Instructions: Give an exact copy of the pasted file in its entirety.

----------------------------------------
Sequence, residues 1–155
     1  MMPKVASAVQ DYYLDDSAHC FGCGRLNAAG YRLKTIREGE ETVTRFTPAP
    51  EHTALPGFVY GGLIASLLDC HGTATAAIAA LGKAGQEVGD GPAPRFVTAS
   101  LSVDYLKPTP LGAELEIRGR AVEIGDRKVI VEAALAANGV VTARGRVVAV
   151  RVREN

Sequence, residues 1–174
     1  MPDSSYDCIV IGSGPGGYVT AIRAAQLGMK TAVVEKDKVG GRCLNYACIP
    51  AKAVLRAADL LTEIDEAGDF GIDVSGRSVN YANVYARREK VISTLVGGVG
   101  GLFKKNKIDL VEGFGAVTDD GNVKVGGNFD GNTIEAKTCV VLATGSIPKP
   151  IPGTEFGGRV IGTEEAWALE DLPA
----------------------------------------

Sequence, residues 1–155
     1  MMPKVASAVQ DYYLDDSAHC FGCGRLNAAG YRLKTIREGE ETVTRFTPAP
    51  EHTALPGFVY GGLIASLLDC HGTATAAIAA LGKAGQEVGD GPAPRFVTAS
   101  LSVDYLKPTP LGAELEIRGR AVEIGDRKVI VEAALAANGV VTARGRVVAV
   151  RVREN

Sequence, residues 1–174
     1  MPDSSYDCIV IGSGPGGYVT AIRAAQLGMK TAVVEKDKVG GRCLNYACIP
    51  AKAVLRAADL LTEIDEAGDF GIDVSGRSVN YANVYARREK VISTLVGGVG
   101  GLFKKNKIDL VEGFGAVTDD GNVKVGGNFD GNTIEAKTCV VLATGSIPKP
   151  IPGTEFGGRV IGTEEAWALE DLPA